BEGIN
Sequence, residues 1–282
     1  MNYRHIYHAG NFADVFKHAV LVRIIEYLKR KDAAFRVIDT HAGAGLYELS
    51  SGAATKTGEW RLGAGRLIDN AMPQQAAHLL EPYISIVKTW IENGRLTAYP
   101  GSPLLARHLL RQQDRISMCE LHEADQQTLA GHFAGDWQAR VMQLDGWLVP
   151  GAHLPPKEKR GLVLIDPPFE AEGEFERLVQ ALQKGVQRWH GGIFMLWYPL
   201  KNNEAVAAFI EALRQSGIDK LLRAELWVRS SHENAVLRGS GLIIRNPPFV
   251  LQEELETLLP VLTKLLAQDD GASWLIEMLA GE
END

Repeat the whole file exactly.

Sequence, residues 1–282
     1  MNYRHIYHAG NFADVFKHAV LVRIIEYLKR KDAAFRVIDT HAGAGLYELS
    51  SGAATKTGEW RLGAGRLIDN AMPQQAAHLL EPYISIVKTW IENGRLTAYP
   101  GSPLLARHLL RQQDRISMCE LHEADQQTLA GHFAGDWQAR VMQLDGWLVP
   151  GAHLPPKEKR GLVLIDPPFE AEGEFERLVQ ALQKGVQRWH GGIFMLWYPL
   201  KNNEAVAAFI EALRQSGIDK LLRAELWVRS SHENAVLRGS GLIIRNPPFV
   251  LQEELETLLP VLTKLLAQDD GASWLIEMLA GE